Cancer - Frequently Asked Questions
- When did photodynamic therapy get known as a possible therapy for cancer?
Photodynamic therapy (PDT) matured as a feasible medical technology for the treatment of cancer in the 1980s at leading medical institutions of countries, such as USA, Russia, UK, and others.
- Of which components does photodynamic therapy consist?
Photodynamic therapy is a ternary treatment for cancer, involving three key components: (i) a photosensitizer; (ii)light; and (iii) tissue oxygen.
- Which other diseases are being treated by photodynamic therapy?
Photodynamic therapy is already an approved method of treatment for psoriasis, acne and wet macular degeneration.
- When was photodynamic therapy studied for the first time in world history?
The German physician Friedrich Meyer-Betz performed the first study with photodynamic therapy (PDT) with porphyrins in humans in 1913. Meyer-Betz tested the effects of haematoporphyrin-PDT on his own skin.
- How and when did photodynamic therapy become widespread?
Modern day versions of photodynamic therapy were tested at the Mayo Clinic and Roswell Park Cancer Center, but it did not really become widespread until Thomas Dougherty initiated clinical trials and formed the International Photodynamic Association in 1986.
- What is a photosensitizer?
A photosensitizer is a chemical compound that can be excited by light of a specific wavelength. This excitation uses visible or near-infrared light.
- What happens in photodynamic therapy?
In photodynamic therapy, either a photosensitizer or the metabolic precursor of one is administered to the patient. The tissue to be treated is exposed to light suitable for exciting the photosensitizer. Usually, the photosensitizer is excited from a ground singlet state to an excited singlet state. It then undergoes intersystem crossing to a longer-lived excited triplet state. One of the few chemical species present in tissue with a ground triplet state is molecular oxygen. When the photosensitizer and an oxygen molecule are in proximity, an energy transfer can take place that allows the photosensitizer to relax to its ground singlet state, and create an excited singlet state oxygen molecule. Singlet oxygen is a very aggressive chemical species and will very rapidly react with any nearby biomolecules. (The specific targets depend heavily on the photosensitizer chosen.) Ultimately, these destructive reactions will result in cell killing through apoptosis or necrosis.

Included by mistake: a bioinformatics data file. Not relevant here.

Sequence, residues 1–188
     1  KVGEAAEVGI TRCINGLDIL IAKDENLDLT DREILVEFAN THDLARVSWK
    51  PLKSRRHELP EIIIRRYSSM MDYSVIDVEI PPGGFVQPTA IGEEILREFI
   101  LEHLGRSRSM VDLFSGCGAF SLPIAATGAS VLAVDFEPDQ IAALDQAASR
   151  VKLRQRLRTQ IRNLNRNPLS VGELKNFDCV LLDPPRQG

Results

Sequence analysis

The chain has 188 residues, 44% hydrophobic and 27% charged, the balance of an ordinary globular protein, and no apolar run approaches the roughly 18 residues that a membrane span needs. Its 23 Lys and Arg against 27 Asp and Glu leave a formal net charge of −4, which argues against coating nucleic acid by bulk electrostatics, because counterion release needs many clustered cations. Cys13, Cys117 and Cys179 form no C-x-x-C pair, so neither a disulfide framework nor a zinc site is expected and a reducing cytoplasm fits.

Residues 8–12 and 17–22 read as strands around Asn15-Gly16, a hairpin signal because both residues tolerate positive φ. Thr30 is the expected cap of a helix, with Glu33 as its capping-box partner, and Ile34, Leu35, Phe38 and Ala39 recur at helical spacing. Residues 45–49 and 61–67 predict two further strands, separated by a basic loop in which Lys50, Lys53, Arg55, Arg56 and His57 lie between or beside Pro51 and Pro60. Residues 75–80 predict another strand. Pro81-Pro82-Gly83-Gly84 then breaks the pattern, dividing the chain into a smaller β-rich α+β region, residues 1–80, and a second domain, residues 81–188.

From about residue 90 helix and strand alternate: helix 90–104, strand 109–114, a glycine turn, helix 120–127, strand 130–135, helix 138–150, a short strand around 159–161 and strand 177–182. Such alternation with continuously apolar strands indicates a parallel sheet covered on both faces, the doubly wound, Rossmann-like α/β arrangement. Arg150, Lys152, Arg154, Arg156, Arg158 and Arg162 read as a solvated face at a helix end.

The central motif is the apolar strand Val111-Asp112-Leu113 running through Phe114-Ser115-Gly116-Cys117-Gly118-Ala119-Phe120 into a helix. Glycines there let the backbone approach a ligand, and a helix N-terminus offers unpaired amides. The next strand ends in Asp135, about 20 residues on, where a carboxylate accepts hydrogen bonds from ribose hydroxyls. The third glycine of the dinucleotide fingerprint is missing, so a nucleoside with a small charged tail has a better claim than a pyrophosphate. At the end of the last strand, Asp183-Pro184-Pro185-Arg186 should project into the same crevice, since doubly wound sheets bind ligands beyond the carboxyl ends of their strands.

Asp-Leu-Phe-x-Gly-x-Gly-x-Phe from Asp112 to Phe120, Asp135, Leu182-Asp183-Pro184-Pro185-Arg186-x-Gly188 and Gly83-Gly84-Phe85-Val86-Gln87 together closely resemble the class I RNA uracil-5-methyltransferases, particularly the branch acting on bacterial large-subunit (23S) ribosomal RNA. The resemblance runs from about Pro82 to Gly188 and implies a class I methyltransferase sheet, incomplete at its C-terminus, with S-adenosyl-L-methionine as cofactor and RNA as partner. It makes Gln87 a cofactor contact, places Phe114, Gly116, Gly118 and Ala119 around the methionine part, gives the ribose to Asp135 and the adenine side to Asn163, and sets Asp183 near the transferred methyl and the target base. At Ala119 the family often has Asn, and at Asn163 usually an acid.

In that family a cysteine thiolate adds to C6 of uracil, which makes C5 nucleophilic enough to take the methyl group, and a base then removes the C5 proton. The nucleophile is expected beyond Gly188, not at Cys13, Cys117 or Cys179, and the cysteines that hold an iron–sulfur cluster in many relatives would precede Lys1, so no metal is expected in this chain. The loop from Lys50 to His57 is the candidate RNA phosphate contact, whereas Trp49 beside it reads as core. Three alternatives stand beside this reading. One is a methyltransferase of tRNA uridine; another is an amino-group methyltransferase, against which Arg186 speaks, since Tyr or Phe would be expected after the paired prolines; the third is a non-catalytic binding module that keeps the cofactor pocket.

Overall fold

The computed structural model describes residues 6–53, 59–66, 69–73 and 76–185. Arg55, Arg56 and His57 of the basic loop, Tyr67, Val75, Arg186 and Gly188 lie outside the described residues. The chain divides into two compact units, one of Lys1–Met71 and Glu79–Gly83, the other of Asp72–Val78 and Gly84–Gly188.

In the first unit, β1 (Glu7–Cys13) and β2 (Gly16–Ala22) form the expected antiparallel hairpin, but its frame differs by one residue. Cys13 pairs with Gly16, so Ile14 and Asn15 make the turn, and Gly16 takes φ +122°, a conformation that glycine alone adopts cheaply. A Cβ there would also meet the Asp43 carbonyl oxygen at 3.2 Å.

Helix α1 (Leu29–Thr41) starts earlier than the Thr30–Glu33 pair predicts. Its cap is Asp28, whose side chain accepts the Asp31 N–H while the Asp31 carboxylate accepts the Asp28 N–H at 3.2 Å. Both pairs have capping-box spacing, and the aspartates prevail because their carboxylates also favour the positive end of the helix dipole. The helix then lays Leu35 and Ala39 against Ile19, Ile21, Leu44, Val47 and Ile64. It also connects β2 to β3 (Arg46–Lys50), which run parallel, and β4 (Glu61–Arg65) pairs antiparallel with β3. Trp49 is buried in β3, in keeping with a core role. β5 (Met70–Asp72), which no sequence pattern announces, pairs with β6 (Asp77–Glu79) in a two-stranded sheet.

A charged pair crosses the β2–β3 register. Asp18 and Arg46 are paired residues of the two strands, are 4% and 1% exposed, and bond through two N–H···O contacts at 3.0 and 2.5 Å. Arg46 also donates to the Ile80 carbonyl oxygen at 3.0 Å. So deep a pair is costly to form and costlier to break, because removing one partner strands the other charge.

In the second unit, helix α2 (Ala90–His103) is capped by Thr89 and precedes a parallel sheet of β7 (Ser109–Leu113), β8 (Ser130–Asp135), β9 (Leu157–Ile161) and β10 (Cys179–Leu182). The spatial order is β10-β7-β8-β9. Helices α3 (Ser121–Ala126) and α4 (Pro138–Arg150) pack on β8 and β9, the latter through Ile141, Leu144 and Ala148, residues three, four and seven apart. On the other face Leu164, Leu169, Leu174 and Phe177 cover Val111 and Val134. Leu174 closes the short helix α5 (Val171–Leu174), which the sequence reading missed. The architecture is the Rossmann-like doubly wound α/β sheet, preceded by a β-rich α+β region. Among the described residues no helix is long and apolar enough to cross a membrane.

- Is photodynamic therapy used as a treatment for skin cancer?
Yes, photodynamic therapy (PDT)is used as a treatment for basal cell carcinoma (BCC). BCC is the most common form of skin cancer in humans. Conventional treatment of BCC involves surgical excision, cryogenic treatment with liquid nitrogen, or localized chemotherapy with 5-fluorouracil or other agents.
- Of which steps does photodynamic therapy consist?
A photodynamic treatment (PDT) would normally involve the following steps:
A photosensitizer precursor (aminolevulinic acid (ALA) or methyl aminolevulinate) is applied.
A waiting period of a few hours is allowed to elapse, during which time ALA will be taken up by cells, and ALA will be converted by the cells to protoporphyrin IX, a photosensitizer (see Porphyrin).
The physician shines a bright red light (from an array of light-emitting diodes or a diode laser) on the area to be treated. The light exposure lasts a few minutes to a few tens of minutes.
Protoporphyrin IX absorbs light, exciting it to an excited singlet state;
Intersystem crossing occurs, resulting in excited triplet protoporphyrin IX;
Energy is transferred from triplet protoporphyrin IX to triplet oxygen, resulting in singlet (ground state) protoporphyrin IX and excited singlet oxygen;
Singlet oxygen reacts with biomolecules, fatally damaging some cells in the treatment area.
Within a few days, the exposed skin and carcinoma will scab over and flake away.
In a few weeks, the treated area has healed, leaving healthy skin behind. For extensive malignancies, repeat treatments may be required. It is also common to experience pain from the area treated.
After the treatment the patient will need to avoid excessive exposure to sunlight for a period of time.
- How is specifity of photodynamic therapy achieved?
Specificity of treatment is achieved in three ways. First, light is delivered only to tissues that a physician wishes to treat. In the absence of light, there is no activation of the photosensitizer and no cell killing. Second, photosensitizers may be administered in ways that restrict their mobility. In our example, ALA was only applied to the area to be treated. Finally, photosensitizers may be chosen which are selectively absorbed at a greater rate by targeted cells. ALA is taken up much more rapidly by metabolically active cells. Since malignant cells tend to be growing and dividing much more quickly than healthy cells, the ALA targets the unhealthy cells.
- How are internal organs treated?
Treatment of internal organs may be achieved through the use of endoscopes and fiber optic catheters to deliver laser light, and intravenously-administered photosensitizers. A great deal of research and clinical study is now underway to determine optimal combinations of photosensitizers, light sources, and treatment parameters for a wide variety of different cancers.